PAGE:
Had Garcia not been subject to administratively imposed PRS from the 2000 Sentence between January 17, 2008 and September 5, 2008, it is undisputed that he would have instead been subject to conditional release, because August 21, 2009—the maximum expiration date of his judicially pronounced sentences—had not yet passed. Furthermore, it is undisputed that the terms and conditions of that conditional release would have been indistinguishable from the terms and conditions of his supervision under PRS.
In light of these characteristics of the term of PRS served by Garcia, the district court concluded that Garcia’s claim must fail under Hassell v. Fischer. In Hassell, this Court vacated an award of nominal damages for administratively imposed PRS served during a period when the plaintiff would have otherwise been subject to conditional release because the plaintiff had “made no showing that the conditions of his PRS term were in any respect more onerous than those of conditional release would have been.” Hassell, 879 F.3d at 52. Absent that “showing of an adverse consequence,” the plaintiff in that case had “not suffered a denial of his due process rights during that period.” Id. The district court determined that Hassell was factually indistinguishable from this case and squarely foreclosed liability.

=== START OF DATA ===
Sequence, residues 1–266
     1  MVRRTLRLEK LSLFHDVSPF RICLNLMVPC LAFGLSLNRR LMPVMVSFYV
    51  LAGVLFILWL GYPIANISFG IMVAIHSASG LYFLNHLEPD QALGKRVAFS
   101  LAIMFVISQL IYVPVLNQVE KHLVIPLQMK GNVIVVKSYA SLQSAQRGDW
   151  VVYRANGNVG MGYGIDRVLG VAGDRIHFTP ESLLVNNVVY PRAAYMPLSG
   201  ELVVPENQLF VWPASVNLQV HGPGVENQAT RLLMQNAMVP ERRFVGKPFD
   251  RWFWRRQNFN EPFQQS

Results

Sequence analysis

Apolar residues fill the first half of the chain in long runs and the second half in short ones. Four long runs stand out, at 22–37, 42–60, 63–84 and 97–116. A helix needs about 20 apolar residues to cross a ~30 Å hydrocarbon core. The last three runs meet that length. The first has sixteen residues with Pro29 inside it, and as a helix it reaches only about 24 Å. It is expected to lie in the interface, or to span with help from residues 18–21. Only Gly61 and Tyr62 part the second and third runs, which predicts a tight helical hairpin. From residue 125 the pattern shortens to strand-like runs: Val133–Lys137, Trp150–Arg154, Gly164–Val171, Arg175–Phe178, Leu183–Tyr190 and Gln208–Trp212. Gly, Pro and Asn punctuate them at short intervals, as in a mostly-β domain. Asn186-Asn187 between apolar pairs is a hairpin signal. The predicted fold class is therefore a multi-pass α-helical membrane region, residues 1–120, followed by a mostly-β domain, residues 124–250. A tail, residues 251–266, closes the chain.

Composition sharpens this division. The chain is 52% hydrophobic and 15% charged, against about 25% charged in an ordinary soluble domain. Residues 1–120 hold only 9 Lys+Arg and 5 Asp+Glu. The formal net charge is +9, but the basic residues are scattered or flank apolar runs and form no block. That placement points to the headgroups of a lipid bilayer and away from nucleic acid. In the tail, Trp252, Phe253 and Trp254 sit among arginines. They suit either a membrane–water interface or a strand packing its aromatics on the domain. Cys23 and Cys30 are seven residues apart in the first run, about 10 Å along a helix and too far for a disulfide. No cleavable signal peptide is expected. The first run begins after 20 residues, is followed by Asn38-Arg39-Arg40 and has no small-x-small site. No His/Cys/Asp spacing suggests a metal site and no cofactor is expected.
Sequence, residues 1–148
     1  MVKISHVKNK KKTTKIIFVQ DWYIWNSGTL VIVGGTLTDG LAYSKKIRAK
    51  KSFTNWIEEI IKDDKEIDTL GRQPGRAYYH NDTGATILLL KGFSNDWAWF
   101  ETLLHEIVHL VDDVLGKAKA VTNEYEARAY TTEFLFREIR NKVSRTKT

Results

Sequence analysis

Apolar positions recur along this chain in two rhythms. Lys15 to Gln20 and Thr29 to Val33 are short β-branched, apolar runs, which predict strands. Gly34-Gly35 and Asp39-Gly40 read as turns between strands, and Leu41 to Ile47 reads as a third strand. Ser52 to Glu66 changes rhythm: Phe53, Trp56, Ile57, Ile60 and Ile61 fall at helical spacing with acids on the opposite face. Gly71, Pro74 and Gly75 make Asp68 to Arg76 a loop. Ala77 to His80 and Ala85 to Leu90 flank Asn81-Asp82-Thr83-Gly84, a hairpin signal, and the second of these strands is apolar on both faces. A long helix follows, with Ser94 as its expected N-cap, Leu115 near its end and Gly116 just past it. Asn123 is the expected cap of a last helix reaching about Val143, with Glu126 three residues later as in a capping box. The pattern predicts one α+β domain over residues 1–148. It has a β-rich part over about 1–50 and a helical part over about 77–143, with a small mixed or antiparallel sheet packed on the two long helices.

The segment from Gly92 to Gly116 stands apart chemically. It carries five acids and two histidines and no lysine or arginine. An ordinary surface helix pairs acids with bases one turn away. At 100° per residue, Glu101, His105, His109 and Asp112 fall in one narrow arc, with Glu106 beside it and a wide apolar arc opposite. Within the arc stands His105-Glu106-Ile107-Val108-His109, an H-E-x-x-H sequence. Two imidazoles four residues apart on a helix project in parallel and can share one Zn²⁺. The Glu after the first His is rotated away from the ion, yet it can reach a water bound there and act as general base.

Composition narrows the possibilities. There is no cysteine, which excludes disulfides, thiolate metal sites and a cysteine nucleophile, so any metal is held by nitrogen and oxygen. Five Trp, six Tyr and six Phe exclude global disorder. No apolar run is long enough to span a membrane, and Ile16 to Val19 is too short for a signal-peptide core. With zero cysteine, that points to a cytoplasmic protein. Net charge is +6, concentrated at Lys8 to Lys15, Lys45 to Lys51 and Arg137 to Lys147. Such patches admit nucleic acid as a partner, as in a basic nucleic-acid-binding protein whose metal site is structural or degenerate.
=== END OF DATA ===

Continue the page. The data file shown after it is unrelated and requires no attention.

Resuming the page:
We agree. Hassell made clear that in order to demonstrate a denial of due process rights for a period of administratively imposed PRS that is served prior to the expiration of a determinate sentence, a plaintiff must show that the conditions of PRS are in some respect “more onerous” than those to which the plaintiff would otherwise have been subject under conditional release. Id. This reading of Hassell was confirmed by this Court’s recent decision in Reyes v. Fischer, 934 F.3d 97 (2d Cir. 2019), which found that “unresolved factual questions as to whether the conditions of administratively imposed PRS [were] more onerous than the conditions of conditional release” were “crucial to the disposition” of the case because “Hassell ․ made clear that the ‘more onerous’ standard is not only a question of damages, but also one of liability,” id. at 106. Here, unlike in Reyes, no further factual development is necessary, as discovery is complete and the parties agree that Garcia adduced no facts showing that the conditions of his PRS were “more onerous” than those of conditional release. In light of the two recent precedential decisions of this Court establishing that a “more onerous” showing is necessary in order to establish a due process violation in these circumstances, we conclude that summary judgment in Defendants-Appellees’ favor was appropriate.
We have considered Garcia’s remaining arguments and find them to be without merit. Accordingly, we AFFIRM the judgment of the district court.
1. The New York State Department of Correctional Services (“DOCS”) and the Division of Parole (“DOP”) merged in 2011 to become the New York State Department of Corrections and Community Supervision (“DOCCS”). For all relevant years in this appeal, however, the agencies operated separately.